Five questions about Cardinals-Dodgers

When it comes to the history of the National League, a Dodgers-Cardinals series sounds so regal, so legitimate, so competitive. And now they meet again for the first time since 2004. There will be no Stan Musial or Duke Snider, or Jack Clark versus Tom Niedenfuer this time around, but this series will give us Albert Pujols, Manny Ramirez, two Cy Young candidates and two managers -- Joe Torre and Tony La Russa -- on their way to the Hall of Fame.

Here are five questions:


1. How good is the Cardinals' 1-2 punch in their rotation?

Chris Carpenter and Adam Wainwright represent the best 1-2 starters in the postseason since Randy Johnson and Curt Schilling of the 2001 Diamondbacks, who won the World Series. Together they are 36-12; in the second half, when the Cardinals pulled away, they went 19-4. Those two and the Giants' Tim Lincecum have been the three best pitchers in the National League this year. Neither Cardinals has been overworked this year, especially lately, meaning they should be fresh enough to start two games each should the series go five games. This year against the Dodgers, Wainwright and Carpenter allowed three runs in 21 innings combined. Carpenter is 5-0 with a 2.20 lifetime ERA against the Dodgers.


2. What is the Dodgers' rotation?

From Randy Wolf, Clayton Kershaw, Vicente Padilla, Jon Garland and Chad Billingsley, the Dodgers will have to pick three, then decide who goes in Game 1. Wolf likely will start Game 1 because he has been the Dodgers' best pitcher the last month. Kershaw has the best stuff and loves the responsibility that comes with greatness and with pitching big games. His six-inning, no-run, 10-strikeout performance Saturday night -- his first win since July 18 -- in the NL West clincher against the Rockies gave the Dodgers hope for the postseason. One Dodger says Billingsley has the stuff of a No. 1 but isn't ready for the responsibility of that role.


3. What has happened to the Dodgers' offense?

They have struggled mightily in the second half. They scored only seven runs in their last four games entering the postseason. Manny Ramirez hit .355 in the first half, but only .260 in the second half, and recently had an 0-for-13 stretch with nine strikeouts. They cannot win without more offense and without tremendous production from Ramirez. He absolutely carried them through the first round of the playoffs last year and had one of the greatest postseasons any hitter has ever had. But he has struggled against the Cardinals this year, going 4-for-28 with no homers and one RBI. The Dodgers lost five of seven to St. Louis this year and scored 19 runs in seven games.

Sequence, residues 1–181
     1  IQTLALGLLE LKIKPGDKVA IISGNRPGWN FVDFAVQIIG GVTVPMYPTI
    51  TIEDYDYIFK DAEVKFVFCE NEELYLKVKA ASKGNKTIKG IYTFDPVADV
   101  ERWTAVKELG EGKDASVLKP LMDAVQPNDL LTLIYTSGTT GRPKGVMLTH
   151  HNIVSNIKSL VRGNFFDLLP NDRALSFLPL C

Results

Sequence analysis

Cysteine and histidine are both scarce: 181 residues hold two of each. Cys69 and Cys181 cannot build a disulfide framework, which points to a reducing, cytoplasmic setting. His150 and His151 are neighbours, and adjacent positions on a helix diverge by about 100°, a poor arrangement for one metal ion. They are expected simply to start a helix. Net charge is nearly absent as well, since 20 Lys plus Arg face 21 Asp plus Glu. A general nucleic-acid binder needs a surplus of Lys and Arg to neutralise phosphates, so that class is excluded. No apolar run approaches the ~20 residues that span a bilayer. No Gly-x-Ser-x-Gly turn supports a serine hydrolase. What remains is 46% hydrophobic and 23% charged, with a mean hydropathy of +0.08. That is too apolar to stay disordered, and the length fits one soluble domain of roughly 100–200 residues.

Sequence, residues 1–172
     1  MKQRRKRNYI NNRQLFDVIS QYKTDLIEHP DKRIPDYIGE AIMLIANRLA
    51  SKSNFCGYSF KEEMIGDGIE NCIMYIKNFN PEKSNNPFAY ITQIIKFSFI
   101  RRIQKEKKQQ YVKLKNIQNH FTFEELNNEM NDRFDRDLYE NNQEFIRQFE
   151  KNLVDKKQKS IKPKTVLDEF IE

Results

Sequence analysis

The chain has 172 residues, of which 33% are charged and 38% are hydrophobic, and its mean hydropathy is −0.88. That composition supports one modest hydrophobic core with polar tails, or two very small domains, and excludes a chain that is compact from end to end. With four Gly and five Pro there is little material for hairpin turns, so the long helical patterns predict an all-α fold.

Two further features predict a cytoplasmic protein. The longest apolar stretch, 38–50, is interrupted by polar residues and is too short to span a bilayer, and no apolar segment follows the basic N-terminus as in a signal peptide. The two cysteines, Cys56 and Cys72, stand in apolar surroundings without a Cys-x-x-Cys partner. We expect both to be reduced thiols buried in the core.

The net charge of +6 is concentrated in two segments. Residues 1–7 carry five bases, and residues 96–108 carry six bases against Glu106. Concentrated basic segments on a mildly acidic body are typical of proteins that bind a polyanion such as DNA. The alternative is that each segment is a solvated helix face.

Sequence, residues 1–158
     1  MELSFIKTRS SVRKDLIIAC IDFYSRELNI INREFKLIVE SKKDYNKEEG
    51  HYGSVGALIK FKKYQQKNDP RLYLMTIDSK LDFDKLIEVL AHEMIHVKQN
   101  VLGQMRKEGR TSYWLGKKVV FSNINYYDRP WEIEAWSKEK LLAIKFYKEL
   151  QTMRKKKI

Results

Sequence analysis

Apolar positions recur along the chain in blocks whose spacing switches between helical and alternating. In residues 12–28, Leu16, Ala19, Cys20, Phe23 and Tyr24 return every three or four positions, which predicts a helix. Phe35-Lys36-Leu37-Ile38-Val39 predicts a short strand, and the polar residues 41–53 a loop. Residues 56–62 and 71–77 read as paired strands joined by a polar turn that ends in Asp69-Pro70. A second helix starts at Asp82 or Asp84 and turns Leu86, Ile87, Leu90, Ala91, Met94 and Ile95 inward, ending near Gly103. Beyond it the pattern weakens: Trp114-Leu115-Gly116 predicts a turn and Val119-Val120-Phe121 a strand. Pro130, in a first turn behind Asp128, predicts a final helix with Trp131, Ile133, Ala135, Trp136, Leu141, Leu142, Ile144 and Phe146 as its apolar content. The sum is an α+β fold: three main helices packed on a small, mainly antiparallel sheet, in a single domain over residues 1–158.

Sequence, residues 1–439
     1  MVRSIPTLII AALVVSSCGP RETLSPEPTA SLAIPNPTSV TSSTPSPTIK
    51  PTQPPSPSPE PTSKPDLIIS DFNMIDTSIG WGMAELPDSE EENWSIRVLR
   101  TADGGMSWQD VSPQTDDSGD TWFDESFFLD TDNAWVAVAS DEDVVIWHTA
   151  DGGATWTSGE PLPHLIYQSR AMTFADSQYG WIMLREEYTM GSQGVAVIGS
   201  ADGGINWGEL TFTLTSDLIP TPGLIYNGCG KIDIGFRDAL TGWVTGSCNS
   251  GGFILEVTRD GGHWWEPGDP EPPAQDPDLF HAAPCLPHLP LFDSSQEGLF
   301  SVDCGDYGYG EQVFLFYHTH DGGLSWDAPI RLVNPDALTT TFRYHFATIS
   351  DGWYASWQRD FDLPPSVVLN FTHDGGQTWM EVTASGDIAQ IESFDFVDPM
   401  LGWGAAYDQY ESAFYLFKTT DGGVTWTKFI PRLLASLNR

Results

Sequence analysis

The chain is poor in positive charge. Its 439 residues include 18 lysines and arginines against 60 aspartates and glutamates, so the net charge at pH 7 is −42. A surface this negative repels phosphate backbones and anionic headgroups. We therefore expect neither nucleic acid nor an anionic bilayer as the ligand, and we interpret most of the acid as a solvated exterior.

4. Should there be concerns about the Cardinals' slow finish?

Perhaps. They lost seven of nine to end the season, which means they will start the postseason on the road. But after 2006, we've stopped making a big deal about momentum entering the playoffs. That year, the Tigers and Cardinals were clearly the worst of the eight teams in the playoffs that year -- they limped in -- yet they played in the World Series. Any team with Pujols and Matt Holliday in the middle of the order is going to be formidable. Pujols did, however, hit only .222 against the Dodgers this year.


5. Is Cardinals closer Ryan Franklin ready for postseason pressure?

He has had a tremendous year, stabilizing the closer spot that was unsettled when the season began. He saved 43 games and had a 1.95 ERA. But in September, Franklin had three blown saves and a 7.56 ERA, allowed 13 runs, and walked eight in 8 1/3 innings. The closer in the postseason is a slightly different animal. Until a guy has done it in really big pressure situations, you're never quite sure. We're not quite sure about Franklin, who has never thrown an inning in the postseason.


Tim Kurkjian is a senior writer for ESPN The Magazine. His book "Is This a Great Game, or What?" was published by St. Martin's Press and is available in paperback. Click here to order a copy.